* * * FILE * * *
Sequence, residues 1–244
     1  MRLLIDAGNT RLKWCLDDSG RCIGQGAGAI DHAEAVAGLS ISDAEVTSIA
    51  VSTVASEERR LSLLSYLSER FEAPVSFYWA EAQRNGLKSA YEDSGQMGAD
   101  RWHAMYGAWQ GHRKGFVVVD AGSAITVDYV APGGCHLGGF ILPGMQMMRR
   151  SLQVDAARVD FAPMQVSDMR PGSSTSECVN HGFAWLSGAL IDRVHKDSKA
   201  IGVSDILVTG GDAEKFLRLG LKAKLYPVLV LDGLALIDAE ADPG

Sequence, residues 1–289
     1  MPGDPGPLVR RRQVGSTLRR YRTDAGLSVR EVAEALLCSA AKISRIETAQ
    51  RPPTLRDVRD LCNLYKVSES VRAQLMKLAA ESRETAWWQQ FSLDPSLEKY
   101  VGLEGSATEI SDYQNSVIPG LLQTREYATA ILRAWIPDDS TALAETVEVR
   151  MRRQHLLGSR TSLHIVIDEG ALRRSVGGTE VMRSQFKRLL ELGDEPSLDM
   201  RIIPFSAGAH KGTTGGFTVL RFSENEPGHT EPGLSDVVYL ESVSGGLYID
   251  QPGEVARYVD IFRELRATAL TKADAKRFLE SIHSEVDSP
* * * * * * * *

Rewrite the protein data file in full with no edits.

Sequence, residues 1–244
     1  MRLLIDAGNT RLKWCLDDSG RCIGQGAGAI DHAEAVAGLS ISDAEVTSIA
    51  VSTVASEERR LSLLSYLSER FEAPVSFYWA EAQRNGLKSA YEDSGQMGAD
   101  RWHAMYGAWQ GHRKGFVVVD AGSAITVDYV APGGCHLGGF ILPGMQMMRR
   151  SLQVDAARVD FAPMQVSDMR PGSSTSECVN HGFAWLSGAL IDRVHKDSKA
   201  IGVSDILVTG GDAEKFLRLG LKAKLYPVLV LDGLALIDAE ADPG

Sequence, residues 1–289
     1  MPGDPGPLVR RRQVGSTLRR YRTDAGLSVR EVAEALLCSA AKISRIETAQ
    51  RPPTLRDVRD LCNLYKVSES VRAQLMKLAA ESRETAWWQQ FSLDPSLEKY
   101  VGLEGSATEI SDYQNSVIPG LLQTREYATA ILRAWIPDDS TALAETVEVR
   151  MRRQHLLGSR TSLHIVIDEG ALRRSVGGTE VMRSQFKRLL ELGDEPSLDM
   201  RIIPFSAGAH KGTTGGFTVL RFSENEPGHT EPGLSDVVYL ESVSGGLYID
   251  QPGEVARYVD IFRELRATAL TKADAKRFLE SIHSEVDSP